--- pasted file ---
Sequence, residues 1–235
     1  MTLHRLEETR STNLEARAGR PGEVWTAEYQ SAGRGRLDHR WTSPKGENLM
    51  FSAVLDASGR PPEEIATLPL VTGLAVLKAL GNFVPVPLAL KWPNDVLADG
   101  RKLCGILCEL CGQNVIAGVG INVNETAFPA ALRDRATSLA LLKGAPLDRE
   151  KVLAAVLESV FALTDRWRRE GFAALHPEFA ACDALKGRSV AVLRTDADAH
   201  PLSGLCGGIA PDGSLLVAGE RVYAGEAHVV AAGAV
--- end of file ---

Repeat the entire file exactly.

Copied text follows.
Sequence, residues 1–235
     1  MTLHRLEETR STNLEARAGR PGEVWTAEYQ SAGRGRLDHR WTSPKGENLM
    51  FSAVLDASGR PPEEIATLPL VTGLAVLKAL GNFVPVPLAL KWPNDVLADG
   101  RKLCGILCEL CGQNVIAGVG INVNETAFPA ALRDRATSLA LLKGAPLDRE
   151  KVLAAVLESV FALTDRWRRE GFAALHPEFA ACDALKGRSV AVLRTDADAH
   201  PLSGLCGGIA PDGSLLVAGE RVYAGEAHVV AAGAV